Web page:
“There are two things driving NIMBYism: Fear is number one, and number two is a knowledge gap,” Worthington says. Addressing NIMBYism in Minneapolis, therefore, required hearing NIMBY concerns. “We did our best to listen. [Homes] are a huge financial investment, and people feel their home value is at risk,” says City Council President Lisa Bender. The city’s strategy also required thoughtfully educating residents about the proposal. While eliminating single-family zoning sounds dramatic, Kneebone points out, another way of putting it is that the city wanted to allow for duplexes and triplexes specifically. “It helps to assuage fears that a change in zoning doesn’t mean the Manhattanization of the neighborhood,” she says. “It’s not a large tower next door. It’s more of these missing middle-type houses.”
The city also helped soften those fears by playing a long game, implementing smaller changes over the past decade that laid the groundwork for Minneapolis 2040. Before Bender was elected to the city council in 2013, the city already had upzoned for density along public transit corridors. After she became the chair of the zoning and planning committee, she spearheaded the legalization of accessory dwelling units (ADUs) and eliminated parking requirements for developments in transit corridors that have less than 50 units, which are a huge impediment to smaller multifamily projects. Edwards says that those smaller-scale zoning changes also helped activate the community, as people had been discussing the relevant issues long before bigger proposals were on the table. “People saw that those changes made sense and that they were incremental, and it allowed us to make bigger changes,” he says.
Together, all those strategies added up to make Minneapolis’s housing story a unique case that the rest of the country can study. “A lot of other cities will be paying attention to Minneapolis,” says Doug Duncan, senior vice president and chief economist with Fannie Mae, which financed more than 7,000 multifamily units in Minneapolis last year. Indeed, several other places already have tried to follow the city’s example. SB-50, California’s plan to change the state’s single-family zoning codes, was stymied this spring. But in July, Oregon lawmakers eliminated single-family zoning in cities across the state, allowing up to a fourplex on single-family lots in larger cities and duplexes in smaller ones.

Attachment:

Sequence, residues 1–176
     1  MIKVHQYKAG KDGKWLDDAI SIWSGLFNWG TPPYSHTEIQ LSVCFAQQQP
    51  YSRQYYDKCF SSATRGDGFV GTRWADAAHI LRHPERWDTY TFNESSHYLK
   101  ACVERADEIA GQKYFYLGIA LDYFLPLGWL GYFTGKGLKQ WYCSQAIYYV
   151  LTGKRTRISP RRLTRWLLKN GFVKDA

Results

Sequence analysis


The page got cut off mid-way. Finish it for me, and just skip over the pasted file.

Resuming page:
Of course, rezoning alone can’t ensure that affordable housing will be built—and many cities around the country lack the necessary resources to incentivize construction. Officials in Minneapolis, however, were able to triple the city’s affordable-housing budget to $40 million, which will give very-low-income households the subsidies they need to afford housing in high-opportunity neighborhoods. They also were able to mandate that developers include affordable housing in new developments along transit corridors.
While advocates can look to Minneapolis for lessons, they undoubtedly know that even with some of the best practices for building consensus in place, navigating the powerful forces of both NIMBYism and YIMBYism was no easy task. Striking a workable balance required political courage from a crop of ambitious leaders. In 2013, seven young city-council members came into office in Minneapolis, among them Bender and Jacob Frey, who is now the mayor. Bender says that rather than backing away from the more controversial aspects of the proposal, they campaigned on them. According to Hayward, as communities seek to confront these challenges, it is important for officials to listen to long-term residents of the community as well as people in the community who have historically been priced out. “You have to have courage in the conviction to do what is right for the whole community and not just a few [residents],” Hayward says.